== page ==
By Peter Muennich, Founder, President on July 31, 2017 in Goat Alliance News
Kenai Mountains Mountain Goat Research Project Update
Mountain goats inhabiting Alaska’s Kenai Mountains represent the westernmost naturally occurring goat population in North America. Mountain goats inhabit most areas within the Kenai Mountains including parts of the Kenai National Wildlife Refuge, Chugach National Forest, and Kenai Fjords National Park. Goat densities are highest in coastal areas and lower in the interior mountains, where goats coexist with Dall sheep and caribou. Relatively little is known about this unique goat population and, in an effort to improve our understanding of goat ecology in this mountain range, the Kenai National Wildlife Refuge, Alaska Department of Fish & Game, Chugach National Forest, and Kenai Fjords National Park have partnered to initiate a cooperative research project focused on mountain goats. Financial contributions from the Rocky Mountain Goat Alliance to purchase additional radio-collars were instrumental in getting the project up and running this year.
During July 2017, researchers from the Kenai National Wildlife Refuge and Alaska Department of Fish & Game captured and fitted goats with radio-collars using aerial darting methods and an MD500 helicopter. Capture efforts were very successful, especially given the relatively low densities of mountain goats within the study area. Collared goats were distributed throughout several key areas in the Kenai Mountains that provide study animals in a variety of available habitats throughout the mountain range. Future captures during 2018–2019 will increase the number of collared individuals to more than thirty and expand the project into new areas if funding allows. These initial sixteen goats were fitted with radio-collars that allow researchers to track their movements and identify marked individuals during surveys. GPS collars collect several GPS locations per day and transfer this information via satellites providing real-time information on goat movements, survival, and habitat use. These GPS collars are also outfitted with a remote release mechanism that releases the collar as battery power wanes after several years of collecting intensive location data. Goats were also fitted with micro VHF radio-collars that will allow researchers to continue monitoring goat survival, reproduction, and observation data after the GPS collars have released.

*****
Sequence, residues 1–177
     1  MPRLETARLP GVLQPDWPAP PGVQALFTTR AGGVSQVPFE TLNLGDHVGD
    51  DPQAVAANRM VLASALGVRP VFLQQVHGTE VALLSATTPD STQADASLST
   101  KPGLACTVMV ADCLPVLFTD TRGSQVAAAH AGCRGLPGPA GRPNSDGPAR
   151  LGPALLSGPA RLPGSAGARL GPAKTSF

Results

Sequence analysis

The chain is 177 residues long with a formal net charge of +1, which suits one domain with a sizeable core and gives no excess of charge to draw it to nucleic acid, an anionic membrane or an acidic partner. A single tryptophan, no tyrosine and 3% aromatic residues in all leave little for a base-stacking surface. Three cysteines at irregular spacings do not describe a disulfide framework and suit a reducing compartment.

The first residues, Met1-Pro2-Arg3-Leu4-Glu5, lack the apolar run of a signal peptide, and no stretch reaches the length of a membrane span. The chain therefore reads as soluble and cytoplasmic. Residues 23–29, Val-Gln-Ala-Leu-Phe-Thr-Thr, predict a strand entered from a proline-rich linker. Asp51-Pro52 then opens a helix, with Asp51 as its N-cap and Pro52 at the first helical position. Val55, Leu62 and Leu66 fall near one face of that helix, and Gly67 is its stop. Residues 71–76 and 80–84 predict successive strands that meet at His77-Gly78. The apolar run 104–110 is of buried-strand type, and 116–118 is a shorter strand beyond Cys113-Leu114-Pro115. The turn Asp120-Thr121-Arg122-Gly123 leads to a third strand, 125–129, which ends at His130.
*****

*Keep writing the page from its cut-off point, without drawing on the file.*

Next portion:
The primary objective of this study is to develop a sightability-model to provide improved information on population abundance and trends. Collared goats provide a ‘marked’ or known segment of the population that allows the development of sightability models based on the numbers of marked individuals either observed or missed during surveys. Researchers also collect additional information from these marked individuals during surveys such as habitat type, group size, climatic conditions, and other factors that can influence the probability of detecting or missing goats (i.e. sightability). These data are used to adjust basic survey data for the proportion of undetected individuals during surveys and, ultimately, to provide improved estimates of mountain goat abundance and trends and set appropriate harvest limits.